• Filling Gaps in Ammonia Refrigeration Training

    Aug. 16, 2011
    Suppliers that require strong manufacturing are being encouraged to fund technical programs to fill the skills gap

    The U.S. federal government has proposed a 20% reduction in its 2012 budget for career and technical education. However, industry is calling for better technical education to address the shortage of qualified candidates to fill openings, especially in the ammonia refrigeration industry.

    On the other side of the Atlantic, research from SummitSkills has identified a lack of appropriate environmental technology training in the UK. The fast-growing HVACR sector needs skilled technicians. In the U.S., the HVACR sector is one of the fastest growing sectors. Employment is expected to grow by 28% by 2018, in part due to rapid technological development and the emphasis on the need for greater energy efficiency.

    Surveys of employers by Manpower and McKinsey & Co. reflect the difficulties companies are having in filling positions requiring specific skills. One firm said it had recruited “all over North America” for ammonia technicians.

    U.S. Community College Develops Ammonia
    Refrigeration Facility

    More and more, suppliers that require strong manufacturing are being encouraged to fund technical programs to fill the skills gap.

    For example, after extensive requests from food processors, Sampson Community College in Clinton, NC, has developed a multi-million-dollar ammonia refrigeration training facility. According to Steve Matthis, dean of industrial education, the facility was designed and developed as a result of a push from industry to overcome the shortfall in trained technicians. Ken Braswell, the ammonia program leader at the college, says there is a great need for such programs because more and more companies are moving from freon to ammonia because it is more efficient. Training at the ammonia facility focuses on providing high-quality safety and operational maintenance guidance and follows the Ammonia Refrigeration Training Guideline provided by the International Institute of Ammonia Refrigeration (IIAR) and RETA.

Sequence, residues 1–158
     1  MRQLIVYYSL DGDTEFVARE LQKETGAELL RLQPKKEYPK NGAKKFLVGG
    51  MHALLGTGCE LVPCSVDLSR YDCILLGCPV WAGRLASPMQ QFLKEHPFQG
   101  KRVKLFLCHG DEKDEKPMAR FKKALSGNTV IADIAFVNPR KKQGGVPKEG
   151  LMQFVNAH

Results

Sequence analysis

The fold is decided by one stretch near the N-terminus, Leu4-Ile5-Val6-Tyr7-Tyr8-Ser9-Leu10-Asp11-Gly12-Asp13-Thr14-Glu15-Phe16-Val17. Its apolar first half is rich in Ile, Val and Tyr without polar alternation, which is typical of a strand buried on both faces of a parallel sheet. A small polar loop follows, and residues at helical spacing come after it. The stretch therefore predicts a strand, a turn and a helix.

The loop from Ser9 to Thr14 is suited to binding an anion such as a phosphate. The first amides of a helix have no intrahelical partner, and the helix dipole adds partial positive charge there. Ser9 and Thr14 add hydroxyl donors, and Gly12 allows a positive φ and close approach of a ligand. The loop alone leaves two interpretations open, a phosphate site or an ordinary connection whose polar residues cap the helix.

Moreover, the facility is one of the few to have state-of-the-art on-site equipment.

    U.S. RETA Certification
    The Samspon Community College program, which is receiving interest from across the US, is one of the few schools to offer Operator I and II courses. According to John Sherill — a RETA certified instructor previously employed at the Sampson Community College, there are currently 30,000 ammonia operators across the US, but only 800 are RETA certified. RETA certification is a nationally recognised standard aimed at meeting the needs of industry through the provision qualified operators through education and training.

    Lanier Technical College Provides Ammonia Training in Georgia
    Lanier Technical College has been providing ammonia training since 1999. A joint collaboration between Lanier Technical College, the Georgia Institute of Technology, the Refrigerating Engineers & Technicians Association (RETA) and the International Institute of Ammonia Refrigeration (IIAR), offers hands-on training in a state-of-the-art ammonia facility. Training focuses on safety, operation and maintenance. The program attracts students from across the U.S. as well as international students. The construction of the $2 million facility was supported in part by industry, underscoring the high demand for ammonia training. In fact industry sponsors contributed $3 for every $1 contributed by the government. Other training providers include the Industrial Refrigeration Technical College (IRTC) in Virginia, the Midwest Ammonia Training Center, the Garden City Ammonia Program (GCAP) and the Garden City Community College in Kansas.

    Source: Shecco's Ammonia21.com; used by permission.